In my last post, I expressed my desire for a Find-A-Grave app for my smartphone and outlined several specific features I wished to see in the app. After posting and sharing the link, I learned from Thomas that there was an ongoing discussion on the Find-A-Grave forums, and then someone posted a link to a beta version of an app in the Android Market. Sweet! I have an Android phone.
Eager to see how it works, I quickly installed it. The app’s page has several screenshots that will allow you to see how it currently works and I see much promise. It was released May 11, 2010 so is a very early version. So far, it provides basic access to the data at the Find-A-Grave website, but it does not have any of the 7 functions I listed in my post. To be fair though, it is clear from the current menus that many of these are planned, and I am excited!
Overall, the usability of the site is aligned with what I envisioned. It is fast, easy to use and instructions are clear. I believe the developer is definitely heading in the right direction. Now I just need to figure out a way to let the developer know of my blog post!
A couple of months ago I read an article about a Vanderbilt Engineering student named Ben Gotow and his work developing iPhone apps. He developed an iPhone app for artists that has sold more than 20,000 units to date, an app for a Vanderbilt informatics group that allows anesthesiologists to view what’s going on in various operating rooms from their iPhones, and considered another app that immediately caught my attention and sparked my thoughts on the topic of this blog post. It’ s a blog post I’ve been bouncing around for a couple of months and this week’s prompt for Find-A-Grave gives me the perfect opportunity to present the idea.
What was that other app? The app that was mentioned that particularly caught my eye was described in the following manner in the article I read about him
Gotow hopes to develop an app that would allow users to point their phones at a building anywhere on Vanderbilt’s campus and receive information about what is going on inside as well as the building’s history.
When I read this sentence, I had an immediate realization at how cool something like this could be for a genealogical/historical researcher! Not only for Vanderbilt buildings, but if it were crowdsourced somehow or drew from Wikipedia for use from any location. Wouldn’t that be cool? Then, as I thought about its potential for use from any location, I realized that something like this could be useful for Find-A-Grave. Imaging pointing your smartphone towards any cemetery and getting information about that cemetery?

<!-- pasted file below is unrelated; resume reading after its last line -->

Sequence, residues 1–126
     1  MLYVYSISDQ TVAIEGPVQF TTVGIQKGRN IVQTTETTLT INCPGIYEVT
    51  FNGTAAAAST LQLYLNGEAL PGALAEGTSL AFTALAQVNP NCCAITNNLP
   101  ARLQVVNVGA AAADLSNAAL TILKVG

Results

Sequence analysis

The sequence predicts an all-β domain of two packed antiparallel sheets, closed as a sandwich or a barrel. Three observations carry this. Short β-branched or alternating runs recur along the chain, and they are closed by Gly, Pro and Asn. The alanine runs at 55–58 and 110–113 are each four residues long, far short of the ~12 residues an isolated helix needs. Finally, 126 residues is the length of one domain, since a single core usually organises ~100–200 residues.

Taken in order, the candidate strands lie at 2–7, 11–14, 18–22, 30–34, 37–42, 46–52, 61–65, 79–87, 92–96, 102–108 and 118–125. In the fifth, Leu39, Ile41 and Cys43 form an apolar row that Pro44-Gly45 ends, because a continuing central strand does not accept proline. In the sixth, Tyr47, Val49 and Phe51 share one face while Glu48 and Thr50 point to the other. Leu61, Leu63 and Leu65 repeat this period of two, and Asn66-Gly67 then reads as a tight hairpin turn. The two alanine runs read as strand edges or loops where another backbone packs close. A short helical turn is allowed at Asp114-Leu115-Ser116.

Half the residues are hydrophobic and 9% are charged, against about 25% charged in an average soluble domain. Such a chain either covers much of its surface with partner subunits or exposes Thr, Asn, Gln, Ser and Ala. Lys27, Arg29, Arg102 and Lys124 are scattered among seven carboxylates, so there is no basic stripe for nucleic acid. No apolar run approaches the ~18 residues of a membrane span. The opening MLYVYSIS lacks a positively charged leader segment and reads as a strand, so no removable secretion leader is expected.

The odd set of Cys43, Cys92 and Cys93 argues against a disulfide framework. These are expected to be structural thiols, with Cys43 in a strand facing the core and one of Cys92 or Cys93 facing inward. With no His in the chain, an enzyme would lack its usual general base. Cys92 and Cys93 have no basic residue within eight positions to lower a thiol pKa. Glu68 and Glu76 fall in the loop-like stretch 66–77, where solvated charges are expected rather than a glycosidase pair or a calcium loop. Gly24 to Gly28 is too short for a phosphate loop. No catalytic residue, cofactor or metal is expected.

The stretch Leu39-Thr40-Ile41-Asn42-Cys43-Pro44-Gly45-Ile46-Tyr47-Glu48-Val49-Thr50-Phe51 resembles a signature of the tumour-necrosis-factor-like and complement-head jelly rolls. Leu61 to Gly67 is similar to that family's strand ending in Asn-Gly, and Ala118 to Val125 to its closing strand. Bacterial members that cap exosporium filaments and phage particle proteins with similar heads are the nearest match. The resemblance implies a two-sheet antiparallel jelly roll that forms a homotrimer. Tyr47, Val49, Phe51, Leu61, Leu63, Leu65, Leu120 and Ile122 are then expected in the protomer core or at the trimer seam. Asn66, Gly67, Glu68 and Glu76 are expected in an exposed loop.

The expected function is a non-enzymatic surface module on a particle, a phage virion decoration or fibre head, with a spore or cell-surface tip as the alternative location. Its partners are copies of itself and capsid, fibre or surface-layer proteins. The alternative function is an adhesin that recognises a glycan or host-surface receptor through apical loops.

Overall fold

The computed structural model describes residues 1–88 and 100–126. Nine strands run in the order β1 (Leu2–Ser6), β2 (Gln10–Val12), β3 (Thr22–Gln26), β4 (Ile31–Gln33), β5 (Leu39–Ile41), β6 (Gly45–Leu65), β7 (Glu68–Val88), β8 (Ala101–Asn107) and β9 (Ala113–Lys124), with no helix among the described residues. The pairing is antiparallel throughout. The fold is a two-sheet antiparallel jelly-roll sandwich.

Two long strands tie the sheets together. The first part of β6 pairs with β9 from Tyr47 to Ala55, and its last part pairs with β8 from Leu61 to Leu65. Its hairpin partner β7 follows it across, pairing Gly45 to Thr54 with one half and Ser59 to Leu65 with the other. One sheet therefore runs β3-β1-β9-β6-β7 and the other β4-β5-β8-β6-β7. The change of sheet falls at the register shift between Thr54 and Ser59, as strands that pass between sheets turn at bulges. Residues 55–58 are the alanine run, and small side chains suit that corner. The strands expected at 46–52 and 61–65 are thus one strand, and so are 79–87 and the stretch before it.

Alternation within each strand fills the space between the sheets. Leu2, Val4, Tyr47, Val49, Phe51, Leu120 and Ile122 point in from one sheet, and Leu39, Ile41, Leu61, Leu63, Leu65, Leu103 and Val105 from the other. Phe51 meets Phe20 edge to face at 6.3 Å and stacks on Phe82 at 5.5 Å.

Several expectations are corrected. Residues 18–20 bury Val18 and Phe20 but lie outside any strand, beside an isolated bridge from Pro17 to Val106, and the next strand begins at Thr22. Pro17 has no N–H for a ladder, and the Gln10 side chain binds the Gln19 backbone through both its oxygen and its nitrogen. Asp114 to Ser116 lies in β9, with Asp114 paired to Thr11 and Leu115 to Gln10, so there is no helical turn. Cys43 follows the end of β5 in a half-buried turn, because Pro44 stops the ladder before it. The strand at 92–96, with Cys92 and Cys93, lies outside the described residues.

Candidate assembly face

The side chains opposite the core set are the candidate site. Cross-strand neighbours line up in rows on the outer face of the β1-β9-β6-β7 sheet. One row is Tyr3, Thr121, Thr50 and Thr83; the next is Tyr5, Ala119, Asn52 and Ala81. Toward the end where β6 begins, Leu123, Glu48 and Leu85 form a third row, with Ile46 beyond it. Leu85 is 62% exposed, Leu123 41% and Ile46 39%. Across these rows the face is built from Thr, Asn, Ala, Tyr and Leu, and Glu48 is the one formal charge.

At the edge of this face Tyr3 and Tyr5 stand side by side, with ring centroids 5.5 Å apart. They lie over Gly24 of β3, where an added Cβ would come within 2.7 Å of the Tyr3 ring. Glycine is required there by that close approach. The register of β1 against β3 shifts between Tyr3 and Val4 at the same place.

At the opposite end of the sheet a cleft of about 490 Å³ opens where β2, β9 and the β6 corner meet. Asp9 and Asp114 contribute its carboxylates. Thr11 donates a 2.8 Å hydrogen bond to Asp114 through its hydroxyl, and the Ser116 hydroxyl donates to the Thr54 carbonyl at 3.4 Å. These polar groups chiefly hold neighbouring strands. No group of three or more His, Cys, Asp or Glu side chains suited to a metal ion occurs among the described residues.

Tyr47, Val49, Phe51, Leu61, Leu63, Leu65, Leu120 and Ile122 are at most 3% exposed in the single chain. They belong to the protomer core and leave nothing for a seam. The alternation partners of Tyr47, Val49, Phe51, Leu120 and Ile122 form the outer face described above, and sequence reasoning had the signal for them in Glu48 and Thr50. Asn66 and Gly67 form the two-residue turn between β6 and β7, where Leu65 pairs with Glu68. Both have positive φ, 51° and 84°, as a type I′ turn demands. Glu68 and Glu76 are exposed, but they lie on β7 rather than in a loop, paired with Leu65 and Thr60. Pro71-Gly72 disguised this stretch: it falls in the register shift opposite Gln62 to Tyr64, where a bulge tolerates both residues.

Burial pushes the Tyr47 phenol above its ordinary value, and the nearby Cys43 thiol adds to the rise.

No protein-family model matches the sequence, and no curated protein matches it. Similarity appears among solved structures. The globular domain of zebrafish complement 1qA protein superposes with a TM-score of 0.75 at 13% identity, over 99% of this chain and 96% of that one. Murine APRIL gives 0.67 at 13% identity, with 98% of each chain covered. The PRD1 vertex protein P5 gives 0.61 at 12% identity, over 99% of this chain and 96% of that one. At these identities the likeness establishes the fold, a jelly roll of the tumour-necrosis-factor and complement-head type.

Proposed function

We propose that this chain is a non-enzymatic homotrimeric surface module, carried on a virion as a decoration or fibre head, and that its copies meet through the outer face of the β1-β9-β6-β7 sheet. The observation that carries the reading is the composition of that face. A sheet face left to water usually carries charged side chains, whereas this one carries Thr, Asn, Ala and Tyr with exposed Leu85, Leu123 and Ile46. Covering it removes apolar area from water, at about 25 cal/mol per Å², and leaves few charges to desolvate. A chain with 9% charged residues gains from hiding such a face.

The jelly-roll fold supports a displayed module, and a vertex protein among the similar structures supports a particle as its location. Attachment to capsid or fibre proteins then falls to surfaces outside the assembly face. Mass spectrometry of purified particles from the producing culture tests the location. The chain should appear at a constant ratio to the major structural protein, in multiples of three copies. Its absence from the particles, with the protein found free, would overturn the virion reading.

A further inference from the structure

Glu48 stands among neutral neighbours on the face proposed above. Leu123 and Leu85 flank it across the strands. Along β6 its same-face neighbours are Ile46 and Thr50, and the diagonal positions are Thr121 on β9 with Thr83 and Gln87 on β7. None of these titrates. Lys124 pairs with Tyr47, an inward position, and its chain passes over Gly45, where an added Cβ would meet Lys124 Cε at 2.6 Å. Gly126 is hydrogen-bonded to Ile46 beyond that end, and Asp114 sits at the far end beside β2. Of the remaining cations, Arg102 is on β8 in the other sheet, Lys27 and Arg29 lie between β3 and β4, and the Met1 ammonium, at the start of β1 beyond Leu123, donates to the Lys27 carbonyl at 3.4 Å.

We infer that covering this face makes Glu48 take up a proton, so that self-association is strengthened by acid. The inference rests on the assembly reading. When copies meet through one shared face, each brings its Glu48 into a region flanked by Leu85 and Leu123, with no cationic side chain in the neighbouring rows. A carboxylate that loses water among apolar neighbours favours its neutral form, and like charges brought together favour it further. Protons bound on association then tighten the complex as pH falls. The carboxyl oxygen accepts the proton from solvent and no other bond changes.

I’m tweaking the original 52 Weeks to Better Genealogy prompt’s objective, but here are my thoughts on how a FindAGrave app could work:
Using an app like this while surveying, viewing a cemetery would be interesting. It may extend the time needed to survey a cemetery, but with all the steps combined of taking a picture and uploading it to the site, it may in the end save time. I’d love to try something like this out. The argument could be made that since smartphones can render websites, the regular Find-A-Grave site could be used, but I personally find usability issues when using the regular site on my Android. Either a specifically designed mobile version of the site or an app would be better from a usability perspective. It is time like these that I wish I were a programmer, or at least had enough money to hire a programmer.
Thanks for the inspiration Ben! Maybe I can get someone at Find-A-Grave, or someone with programming expertise to take this on. I’d need a Droid version though.
Update 5/31 — Thomas tweeted a link to a forum discussion on an iPhone app for Find-A-Grave and I posted a comment there. Also, I had another idea. Here’s the scenario:
Today I am visiting family in Indiana and I’m planning to go visit a cemetery. Maybe a potential function of the app would be to provide me a % of tombstones photographed at cemeteries around me. I could target some of the cemeteries with fewer percentage of tombstones photographed to start with. Recognizing that there may not be headstones for everyone listed at a particular cemetery, it would still be an interesting way to know how to best focus my efforts to help contribute to the site.